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Affairs of honor : national politics in the New Republic / Joanne B. Freeman.

By: Freeman, Joanne B, 1962-.
Publisher: New Haven ; London : Yale University Press, 2001Description: xxiv, 376 p. : ill. ; 24 cm.ISBN: 0300088779 (alk. paper).Subject(s): Political culture -- United States -- History -- 18th century | Politics and culture -- United States -- History -- 18th century | Elite (Social sciences) -- Political activity -- United States -- History -- 18th century | Honor -- Political aspects -- United States -- History -- 18th century | United States -- Politics and government -- 1789-1815 | United States -- Social conditions -- To 1865DDC classification: 306.20973 Summary: In this extraordinary book, Joanne Freeman offers a major reassessment of political culture in the early years of the American republic. By exploring both the public actions and private papers of key figures likes Thomas Jefferson, Aaron Burr, and Alexander Hamilton, as well as less famous politicians such as Senators William Maclay and William Plumer, freeman reveals an alien and profoundly unstable political world grounded on the code of honor. In the absence of a party system and with few examples to guide America's great experiment in republican governance, national politicians monitored their conduct and attacked their rivals according to the ethic of honor.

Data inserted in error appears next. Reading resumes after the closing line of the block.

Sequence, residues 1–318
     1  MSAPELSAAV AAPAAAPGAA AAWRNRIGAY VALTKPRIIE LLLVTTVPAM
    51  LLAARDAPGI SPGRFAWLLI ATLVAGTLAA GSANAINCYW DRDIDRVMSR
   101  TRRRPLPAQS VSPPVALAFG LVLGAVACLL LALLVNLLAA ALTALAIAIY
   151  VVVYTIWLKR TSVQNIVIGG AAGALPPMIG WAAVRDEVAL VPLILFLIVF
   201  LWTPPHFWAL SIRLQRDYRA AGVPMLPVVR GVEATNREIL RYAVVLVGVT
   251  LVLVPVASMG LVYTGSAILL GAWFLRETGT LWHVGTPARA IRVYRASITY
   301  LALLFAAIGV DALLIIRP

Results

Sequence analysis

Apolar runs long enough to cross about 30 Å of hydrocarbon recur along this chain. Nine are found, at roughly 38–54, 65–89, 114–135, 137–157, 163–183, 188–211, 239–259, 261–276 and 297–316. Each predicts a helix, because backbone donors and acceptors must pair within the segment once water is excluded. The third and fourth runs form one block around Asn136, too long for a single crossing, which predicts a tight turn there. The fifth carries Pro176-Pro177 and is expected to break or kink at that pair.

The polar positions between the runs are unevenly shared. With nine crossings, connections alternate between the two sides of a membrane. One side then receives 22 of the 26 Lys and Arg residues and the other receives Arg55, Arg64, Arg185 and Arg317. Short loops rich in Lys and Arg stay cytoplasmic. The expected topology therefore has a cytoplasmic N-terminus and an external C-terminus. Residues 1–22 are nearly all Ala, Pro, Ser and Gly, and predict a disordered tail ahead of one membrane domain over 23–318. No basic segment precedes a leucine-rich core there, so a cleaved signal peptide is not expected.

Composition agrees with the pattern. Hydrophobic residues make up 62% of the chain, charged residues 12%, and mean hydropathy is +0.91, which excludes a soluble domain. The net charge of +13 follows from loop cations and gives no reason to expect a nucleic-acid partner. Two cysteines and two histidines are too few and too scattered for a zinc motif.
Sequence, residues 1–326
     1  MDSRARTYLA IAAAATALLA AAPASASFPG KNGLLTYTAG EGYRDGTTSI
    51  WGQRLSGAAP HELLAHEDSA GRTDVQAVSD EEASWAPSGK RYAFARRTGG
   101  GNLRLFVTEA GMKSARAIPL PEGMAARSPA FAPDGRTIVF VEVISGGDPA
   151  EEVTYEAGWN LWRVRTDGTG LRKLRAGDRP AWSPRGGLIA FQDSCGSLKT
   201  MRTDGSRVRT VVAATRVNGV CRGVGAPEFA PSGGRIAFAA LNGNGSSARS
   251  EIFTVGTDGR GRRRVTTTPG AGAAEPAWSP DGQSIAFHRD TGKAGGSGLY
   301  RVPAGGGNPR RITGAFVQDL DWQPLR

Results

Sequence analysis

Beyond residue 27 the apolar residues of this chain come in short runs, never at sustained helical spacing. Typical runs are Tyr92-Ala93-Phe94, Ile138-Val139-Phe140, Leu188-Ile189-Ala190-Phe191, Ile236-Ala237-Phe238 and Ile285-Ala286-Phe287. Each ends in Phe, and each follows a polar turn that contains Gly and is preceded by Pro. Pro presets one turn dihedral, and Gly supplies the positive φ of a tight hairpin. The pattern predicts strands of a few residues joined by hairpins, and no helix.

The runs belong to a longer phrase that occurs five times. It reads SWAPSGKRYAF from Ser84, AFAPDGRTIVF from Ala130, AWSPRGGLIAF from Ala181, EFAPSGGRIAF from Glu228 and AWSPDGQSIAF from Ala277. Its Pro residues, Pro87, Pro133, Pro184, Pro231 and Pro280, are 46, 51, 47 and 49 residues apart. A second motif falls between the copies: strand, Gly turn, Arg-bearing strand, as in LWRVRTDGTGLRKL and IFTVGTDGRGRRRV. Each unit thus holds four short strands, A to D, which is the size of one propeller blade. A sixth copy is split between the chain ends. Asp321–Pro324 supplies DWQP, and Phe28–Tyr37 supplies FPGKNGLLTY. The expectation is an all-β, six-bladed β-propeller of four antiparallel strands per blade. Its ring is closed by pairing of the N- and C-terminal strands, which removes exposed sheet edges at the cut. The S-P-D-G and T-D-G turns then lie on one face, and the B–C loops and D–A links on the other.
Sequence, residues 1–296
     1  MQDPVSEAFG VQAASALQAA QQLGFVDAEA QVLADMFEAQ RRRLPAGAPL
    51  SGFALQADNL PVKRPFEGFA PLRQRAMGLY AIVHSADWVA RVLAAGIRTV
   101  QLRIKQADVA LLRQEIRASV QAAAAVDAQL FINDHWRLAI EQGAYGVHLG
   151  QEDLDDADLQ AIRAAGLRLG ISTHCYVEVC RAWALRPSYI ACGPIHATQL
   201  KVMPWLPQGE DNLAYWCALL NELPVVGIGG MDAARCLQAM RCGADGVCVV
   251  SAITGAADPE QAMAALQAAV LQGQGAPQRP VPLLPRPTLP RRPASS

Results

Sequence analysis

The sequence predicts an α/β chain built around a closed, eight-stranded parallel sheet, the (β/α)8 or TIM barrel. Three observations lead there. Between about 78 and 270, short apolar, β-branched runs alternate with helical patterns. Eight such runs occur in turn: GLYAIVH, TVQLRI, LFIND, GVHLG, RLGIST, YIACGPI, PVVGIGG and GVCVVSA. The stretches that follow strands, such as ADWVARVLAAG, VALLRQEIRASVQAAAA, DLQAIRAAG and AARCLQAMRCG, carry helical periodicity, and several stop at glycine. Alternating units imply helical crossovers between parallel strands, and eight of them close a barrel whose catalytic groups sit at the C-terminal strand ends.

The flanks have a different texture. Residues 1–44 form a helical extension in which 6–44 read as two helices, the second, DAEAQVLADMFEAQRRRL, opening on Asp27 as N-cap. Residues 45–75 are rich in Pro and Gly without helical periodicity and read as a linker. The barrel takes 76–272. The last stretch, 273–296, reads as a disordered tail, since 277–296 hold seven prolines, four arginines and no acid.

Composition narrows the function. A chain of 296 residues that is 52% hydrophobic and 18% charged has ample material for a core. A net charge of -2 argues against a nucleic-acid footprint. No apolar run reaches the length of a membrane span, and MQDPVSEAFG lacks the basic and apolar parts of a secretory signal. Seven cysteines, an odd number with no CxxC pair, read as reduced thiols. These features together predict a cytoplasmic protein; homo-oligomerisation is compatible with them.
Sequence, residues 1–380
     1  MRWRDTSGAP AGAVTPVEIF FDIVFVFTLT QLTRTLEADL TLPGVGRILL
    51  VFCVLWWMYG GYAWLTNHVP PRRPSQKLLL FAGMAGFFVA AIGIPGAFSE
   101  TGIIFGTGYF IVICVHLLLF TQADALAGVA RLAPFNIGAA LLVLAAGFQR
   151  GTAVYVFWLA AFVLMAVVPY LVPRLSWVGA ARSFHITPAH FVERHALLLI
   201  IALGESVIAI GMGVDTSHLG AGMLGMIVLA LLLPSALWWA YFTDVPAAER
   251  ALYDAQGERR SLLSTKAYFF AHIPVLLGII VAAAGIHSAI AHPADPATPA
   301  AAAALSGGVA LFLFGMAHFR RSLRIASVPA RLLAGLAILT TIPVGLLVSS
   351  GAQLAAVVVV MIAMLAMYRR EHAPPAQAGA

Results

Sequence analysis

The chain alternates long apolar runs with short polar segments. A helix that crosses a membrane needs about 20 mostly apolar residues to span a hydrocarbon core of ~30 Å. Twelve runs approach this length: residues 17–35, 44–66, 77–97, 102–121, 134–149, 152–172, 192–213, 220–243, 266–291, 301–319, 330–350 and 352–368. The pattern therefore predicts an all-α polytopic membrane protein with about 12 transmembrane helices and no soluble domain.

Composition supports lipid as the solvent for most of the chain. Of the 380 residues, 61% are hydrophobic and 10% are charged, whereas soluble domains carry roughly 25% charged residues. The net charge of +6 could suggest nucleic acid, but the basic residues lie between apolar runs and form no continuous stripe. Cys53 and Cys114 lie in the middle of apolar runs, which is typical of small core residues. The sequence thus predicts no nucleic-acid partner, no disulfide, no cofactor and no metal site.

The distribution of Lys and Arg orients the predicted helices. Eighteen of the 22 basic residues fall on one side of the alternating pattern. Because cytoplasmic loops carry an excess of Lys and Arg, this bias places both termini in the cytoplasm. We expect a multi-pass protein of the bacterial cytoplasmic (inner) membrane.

List(s) this item appears in: Acquisitions 2019-2020
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General Collection 306.20973 FRE (Browse shelf) Available 000437865

Includes bibliographical references and index.

In this extraordinary book, Joanne Freeman offers a major reassessment of political culture in the early years of the American republic. By exploring both the public actions and private papers of key figures likes Thomas Jefferson, Aaron Burr, and Alexander Hamilton, as well as less famous politicians such as Senators William Maclay and William Plumer, freeman reveals an alien and profoundly unstable political world grounded on the code of honor. In the absence of a party system and with few examples to guide America's great experiment in republican governance, national politicians monitored their conduct and attacked their rivals according to the ethic of honor.

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